In a kind of literary Hall of Mirrors set in post-communist Berlin, second-novelist Bailey (Idioglossia, not reviewed) portrays two brothers who have come together reluctantly and without enthusiasm to make peace after a near-lifetime of deception and jealousy.
Erich Brandt is no newcomer to Berlin, but he enjoyed the isolation of the city before The Wall came down and can’t quite acclimate himself to the go-go atmosphere of the new order. A painter of some note but no success, Erich makes his living as the proprietor of an art gallery/café and has more or less washed his hands of any cultural pretensions. Divorced, successful, and middle-aged, he is not prepared for the shock of his brother Max’s attempt at suicide. A photographer and womanizer, Max has lived in London for many years and has always served as something of a reproach to Erich, who secretly envies Max simultaneously for his success and for his lack of care over it. After Max tries to kill himself, Erich brings him back to Berlin to stay with him and sets about the awkward task of learning to talk to a brother he’d abandoned many years before. There are old wounds and new: Max slept with Erich’s then-wife, Ursula, many years ago, and Erich is now embarrassed by the trashy success of his and Ursula’s daughter Nina (a kind of German Karen Finley who strips and copulates in public). Max wanders through his old hometown (now unrecognizable to him) like a drunken ghost and manages to uncover the fundamental deceptions that surround nearly every member and friend of his family. This proves a nice diversion—until Max discovers that some deceptions of his own are up for examination as well.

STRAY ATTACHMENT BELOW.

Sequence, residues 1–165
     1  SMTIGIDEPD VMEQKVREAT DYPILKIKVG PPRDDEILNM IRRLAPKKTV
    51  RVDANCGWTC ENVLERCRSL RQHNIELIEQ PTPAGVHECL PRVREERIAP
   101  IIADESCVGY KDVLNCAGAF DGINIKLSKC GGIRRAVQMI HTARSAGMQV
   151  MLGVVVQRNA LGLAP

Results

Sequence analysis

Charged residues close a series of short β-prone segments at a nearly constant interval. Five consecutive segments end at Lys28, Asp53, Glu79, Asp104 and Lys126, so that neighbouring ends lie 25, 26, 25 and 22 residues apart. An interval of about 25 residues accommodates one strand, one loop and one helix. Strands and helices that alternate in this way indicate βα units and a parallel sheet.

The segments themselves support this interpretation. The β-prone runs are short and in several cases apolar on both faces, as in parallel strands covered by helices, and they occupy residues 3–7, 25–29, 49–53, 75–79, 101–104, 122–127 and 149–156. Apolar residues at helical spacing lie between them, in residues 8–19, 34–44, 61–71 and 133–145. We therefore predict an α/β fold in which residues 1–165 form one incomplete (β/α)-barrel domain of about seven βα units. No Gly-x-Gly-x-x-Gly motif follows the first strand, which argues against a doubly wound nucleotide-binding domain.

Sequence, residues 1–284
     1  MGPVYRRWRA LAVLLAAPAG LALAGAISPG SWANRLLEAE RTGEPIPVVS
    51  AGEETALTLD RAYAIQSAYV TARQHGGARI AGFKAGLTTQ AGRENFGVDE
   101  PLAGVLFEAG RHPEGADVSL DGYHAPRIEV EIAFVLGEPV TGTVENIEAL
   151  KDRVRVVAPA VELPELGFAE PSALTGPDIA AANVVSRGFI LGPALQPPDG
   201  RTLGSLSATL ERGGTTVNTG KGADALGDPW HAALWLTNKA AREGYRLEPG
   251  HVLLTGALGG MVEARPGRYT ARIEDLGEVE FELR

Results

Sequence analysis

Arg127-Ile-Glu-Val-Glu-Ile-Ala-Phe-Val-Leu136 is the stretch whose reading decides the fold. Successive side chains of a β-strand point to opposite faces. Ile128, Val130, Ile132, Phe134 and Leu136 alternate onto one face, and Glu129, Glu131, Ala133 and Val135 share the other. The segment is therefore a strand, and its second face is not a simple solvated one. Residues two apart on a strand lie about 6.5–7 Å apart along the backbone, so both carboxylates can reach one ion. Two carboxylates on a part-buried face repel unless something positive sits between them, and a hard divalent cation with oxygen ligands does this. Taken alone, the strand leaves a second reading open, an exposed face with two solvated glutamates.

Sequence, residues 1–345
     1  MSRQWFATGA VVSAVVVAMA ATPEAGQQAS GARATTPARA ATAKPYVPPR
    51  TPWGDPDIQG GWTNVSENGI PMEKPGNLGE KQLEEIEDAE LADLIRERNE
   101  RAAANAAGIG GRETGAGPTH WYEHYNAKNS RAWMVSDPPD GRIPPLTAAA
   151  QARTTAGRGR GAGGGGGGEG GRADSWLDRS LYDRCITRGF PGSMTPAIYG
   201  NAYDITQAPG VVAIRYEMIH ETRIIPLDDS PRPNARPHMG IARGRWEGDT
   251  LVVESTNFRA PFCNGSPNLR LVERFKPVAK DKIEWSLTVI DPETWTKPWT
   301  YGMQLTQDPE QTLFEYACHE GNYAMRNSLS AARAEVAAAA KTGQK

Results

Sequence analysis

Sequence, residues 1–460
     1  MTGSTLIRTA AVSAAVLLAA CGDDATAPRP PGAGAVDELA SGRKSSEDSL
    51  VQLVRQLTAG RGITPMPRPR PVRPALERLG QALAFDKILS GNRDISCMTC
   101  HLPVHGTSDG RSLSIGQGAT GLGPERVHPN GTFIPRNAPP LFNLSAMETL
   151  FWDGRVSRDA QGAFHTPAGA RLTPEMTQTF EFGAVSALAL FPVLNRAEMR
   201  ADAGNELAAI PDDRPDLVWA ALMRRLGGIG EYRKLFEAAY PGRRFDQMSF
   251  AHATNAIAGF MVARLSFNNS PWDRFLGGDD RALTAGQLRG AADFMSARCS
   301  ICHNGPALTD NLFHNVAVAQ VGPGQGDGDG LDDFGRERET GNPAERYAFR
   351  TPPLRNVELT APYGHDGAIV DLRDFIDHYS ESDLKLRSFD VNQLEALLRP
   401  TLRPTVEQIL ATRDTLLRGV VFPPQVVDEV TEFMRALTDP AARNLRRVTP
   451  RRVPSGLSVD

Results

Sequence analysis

A heavy dose of schadenfreude: This very slick black comedy traces the gnarled roots of a family tree with an equal measure of affection and disgust.